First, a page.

Church of Scotland plans to offer “online baptisms”
Free Church of Scotland Moderator David Robertson: “If this is an attempt to state there is a church where one does not exist, then this is a foolish policy. The church is not a virtual organisation which one can join, opt out of, switch off and on as you please.”
EDINBURGH · 18 MAY 2016 · 17:28 CET
The Church of Scotland could start administering rites like baptism “online.” In its annual General Assembly, next week, the “access to the sacraments” for people who are not “physically present in the congregation” will be proposed.
According to the UK national newspaper The Daily Telegraph, a paper presented to members, drafted by the Church’s Legal Questions Committee, also suggests to re-examine issues such as voting rights at congregational meetings to people joining remotely.
“We are living in an age when some of the old rules are fast becoming redundant and, as a result, the [committee] believes that it is time for the Church to undertake a wide ranging review of practice and procedure which is impacted by the use of new technology in church life.”
“As fewer people join up in the traditional sense and as they make choices which include ever greater interaction with the Church through online access and social media, questions arise about online membership and even about access to the sacraments while not being physically present in the congregation”, the text continues.
DAVID ROBERTSON: CHURCH IS NOT 'VIRTUAL'
“The Church of Scotland is right to seek to use the internet and social media to communicate the Gospel and to facilitate communication within the Church”, Free Church of Scotland Moderator and Solas Centre for Public Christianity Director David Robertson told Evangelical Focus.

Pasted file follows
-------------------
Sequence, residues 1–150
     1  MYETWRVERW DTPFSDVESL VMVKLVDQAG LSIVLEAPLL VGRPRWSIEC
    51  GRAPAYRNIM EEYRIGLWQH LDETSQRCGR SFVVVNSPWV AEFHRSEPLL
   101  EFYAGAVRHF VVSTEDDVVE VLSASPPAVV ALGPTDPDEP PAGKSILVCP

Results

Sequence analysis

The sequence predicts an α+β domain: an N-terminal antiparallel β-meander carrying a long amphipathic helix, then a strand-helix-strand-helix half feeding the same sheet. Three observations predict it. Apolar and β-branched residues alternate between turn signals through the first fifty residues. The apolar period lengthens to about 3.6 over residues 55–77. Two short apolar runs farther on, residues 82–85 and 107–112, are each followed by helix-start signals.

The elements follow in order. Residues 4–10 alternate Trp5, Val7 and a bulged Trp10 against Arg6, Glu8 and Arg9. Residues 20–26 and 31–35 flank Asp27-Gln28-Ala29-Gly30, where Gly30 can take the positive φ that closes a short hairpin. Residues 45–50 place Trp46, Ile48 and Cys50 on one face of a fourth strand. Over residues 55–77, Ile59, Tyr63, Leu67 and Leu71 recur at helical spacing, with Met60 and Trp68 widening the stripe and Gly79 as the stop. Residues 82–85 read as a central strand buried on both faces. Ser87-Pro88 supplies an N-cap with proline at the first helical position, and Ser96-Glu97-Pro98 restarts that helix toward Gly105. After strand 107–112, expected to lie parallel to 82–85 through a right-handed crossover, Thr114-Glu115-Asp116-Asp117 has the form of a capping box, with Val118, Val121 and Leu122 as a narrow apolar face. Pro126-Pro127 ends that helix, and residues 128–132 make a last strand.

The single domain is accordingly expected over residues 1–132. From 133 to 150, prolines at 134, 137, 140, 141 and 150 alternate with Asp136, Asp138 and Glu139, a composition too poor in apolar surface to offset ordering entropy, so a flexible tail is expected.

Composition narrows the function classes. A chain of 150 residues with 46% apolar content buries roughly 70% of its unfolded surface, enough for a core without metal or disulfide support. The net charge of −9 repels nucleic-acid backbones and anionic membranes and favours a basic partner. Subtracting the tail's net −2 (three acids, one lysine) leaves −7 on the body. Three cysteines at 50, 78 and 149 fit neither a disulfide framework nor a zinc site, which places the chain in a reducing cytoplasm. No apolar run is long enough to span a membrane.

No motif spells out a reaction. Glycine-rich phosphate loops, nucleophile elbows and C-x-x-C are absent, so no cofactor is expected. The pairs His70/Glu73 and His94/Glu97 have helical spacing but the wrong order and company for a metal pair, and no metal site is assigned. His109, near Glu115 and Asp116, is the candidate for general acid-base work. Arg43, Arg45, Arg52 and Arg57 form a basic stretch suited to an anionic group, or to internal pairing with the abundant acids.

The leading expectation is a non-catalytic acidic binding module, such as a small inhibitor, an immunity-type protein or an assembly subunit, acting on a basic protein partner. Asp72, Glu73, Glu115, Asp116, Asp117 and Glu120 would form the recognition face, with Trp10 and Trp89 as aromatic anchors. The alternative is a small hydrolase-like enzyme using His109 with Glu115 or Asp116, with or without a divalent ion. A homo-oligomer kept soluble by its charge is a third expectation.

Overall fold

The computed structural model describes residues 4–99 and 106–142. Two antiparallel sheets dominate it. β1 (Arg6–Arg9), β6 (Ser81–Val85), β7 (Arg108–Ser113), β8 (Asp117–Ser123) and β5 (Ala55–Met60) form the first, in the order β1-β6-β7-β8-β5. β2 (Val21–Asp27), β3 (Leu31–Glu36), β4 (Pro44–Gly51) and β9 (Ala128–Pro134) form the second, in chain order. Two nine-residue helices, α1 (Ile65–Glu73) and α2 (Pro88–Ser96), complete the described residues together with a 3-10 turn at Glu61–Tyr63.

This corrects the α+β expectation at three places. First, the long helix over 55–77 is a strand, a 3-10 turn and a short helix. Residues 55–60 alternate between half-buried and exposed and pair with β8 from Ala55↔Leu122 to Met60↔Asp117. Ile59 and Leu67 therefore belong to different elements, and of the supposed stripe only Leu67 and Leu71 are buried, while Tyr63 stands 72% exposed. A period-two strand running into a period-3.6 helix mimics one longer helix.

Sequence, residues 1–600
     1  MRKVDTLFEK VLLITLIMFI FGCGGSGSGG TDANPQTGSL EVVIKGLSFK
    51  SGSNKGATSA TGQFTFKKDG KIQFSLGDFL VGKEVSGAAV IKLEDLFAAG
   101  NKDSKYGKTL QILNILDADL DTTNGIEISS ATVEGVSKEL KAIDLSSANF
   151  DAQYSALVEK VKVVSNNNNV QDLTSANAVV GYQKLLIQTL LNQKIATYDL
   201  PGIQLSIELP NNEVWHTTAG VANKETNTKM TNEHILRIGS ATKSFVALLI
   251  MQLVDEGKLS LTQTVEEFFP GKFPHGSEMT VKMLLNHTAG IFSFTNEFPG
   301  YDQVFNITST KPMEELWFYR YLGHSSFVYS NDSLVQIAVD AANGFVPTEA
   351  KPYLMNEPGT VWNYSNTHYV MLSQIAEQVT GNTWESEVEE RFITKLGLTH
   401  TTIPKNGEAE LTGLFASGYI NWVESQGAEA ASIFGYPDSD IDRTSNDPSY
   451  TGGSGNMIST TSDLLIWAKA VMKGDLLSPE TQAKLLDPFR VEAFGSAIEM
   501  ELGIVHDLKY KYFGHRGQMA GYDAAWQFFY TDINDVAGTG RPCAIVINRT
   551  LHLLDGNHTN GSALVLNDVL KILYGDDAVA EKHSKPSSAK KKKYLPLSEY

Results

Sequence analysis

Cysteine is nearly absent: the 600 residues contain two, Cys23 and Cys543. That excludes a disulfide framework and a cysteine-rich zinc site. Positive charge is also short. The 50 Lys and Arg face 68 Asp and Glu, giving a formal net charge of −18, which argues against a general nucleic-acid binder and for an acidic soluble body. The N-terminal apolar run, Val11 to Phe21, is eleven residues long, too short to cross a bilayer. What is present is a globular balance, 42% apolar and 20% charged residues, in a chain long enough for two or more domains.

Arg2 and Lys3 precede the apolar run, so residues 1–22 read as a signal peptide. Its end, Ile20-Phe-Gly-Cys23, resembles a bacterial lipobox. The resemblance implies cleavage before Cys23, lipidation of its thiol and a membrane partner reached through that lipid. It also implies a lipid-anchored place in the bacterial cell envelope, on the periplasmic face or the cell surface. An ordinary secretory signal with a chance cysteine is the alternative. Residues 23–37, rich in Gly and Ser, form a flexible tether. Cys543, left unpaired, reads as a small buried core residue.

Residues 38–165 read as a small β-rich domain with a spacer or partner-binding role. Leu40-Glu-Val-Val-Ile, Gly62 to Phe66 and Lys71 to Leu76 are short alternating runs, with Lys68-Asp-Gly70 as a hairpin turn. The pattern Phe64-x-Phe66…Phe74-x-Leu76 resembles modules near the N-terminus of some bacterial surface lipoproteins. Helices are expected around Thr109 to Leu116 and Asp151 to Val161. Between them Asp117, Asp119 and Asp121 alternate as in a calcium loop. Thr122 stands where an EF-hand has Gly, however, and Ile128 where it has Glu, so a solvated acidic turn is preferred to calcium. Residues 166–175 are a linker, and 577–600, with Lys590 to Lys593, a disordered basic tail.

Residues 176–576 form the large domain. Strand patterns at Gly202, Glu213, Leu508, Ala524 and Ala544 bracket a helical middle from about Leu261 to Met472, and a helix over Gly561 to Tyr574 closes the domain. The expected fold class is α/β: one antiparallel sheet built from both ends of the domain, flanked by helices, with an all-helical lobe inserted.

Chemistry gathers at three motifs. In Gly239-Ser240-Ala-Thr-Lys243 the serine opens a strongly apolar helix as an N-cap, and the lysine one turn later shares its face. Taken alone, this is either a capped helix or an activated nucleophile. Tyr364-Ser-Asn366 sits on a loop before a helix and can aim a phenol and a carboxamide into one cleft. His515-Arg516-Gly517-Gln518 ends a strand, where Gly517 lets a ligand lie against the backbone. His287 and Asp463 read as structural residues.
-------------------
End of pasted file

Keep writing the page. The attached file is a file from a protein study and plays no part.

“If, however, this is an attempt to state there is a church where one does not exist, then this is a foolish policy.”
“The church is not a virtual organisation which one can join, opt out of, switch off and on as you please. It is a living community of human beings who are committed to Christ and to one another. In reality and not just online.”
THE “INCARNATIONAL ASPECT”
Robertson added: “I find it more than a little ironic that some more ‘liberal’ churches having for years caricatured, those of us who accept the Bible as being those who have ‘turned the word made flesh, into the flesh made word’, are now turning away from the incarnational aspect of church and instead creating a virtual church.”
“It may look good on spreadsheets and membership figures, but I suspect it won't make much impact on the books kept in heaven! This move has already been widely mocked and ridiculed within Scotland, where it is seen as yet another desperate attempt by a declining national church, to shore up its numbers and justify its existence.”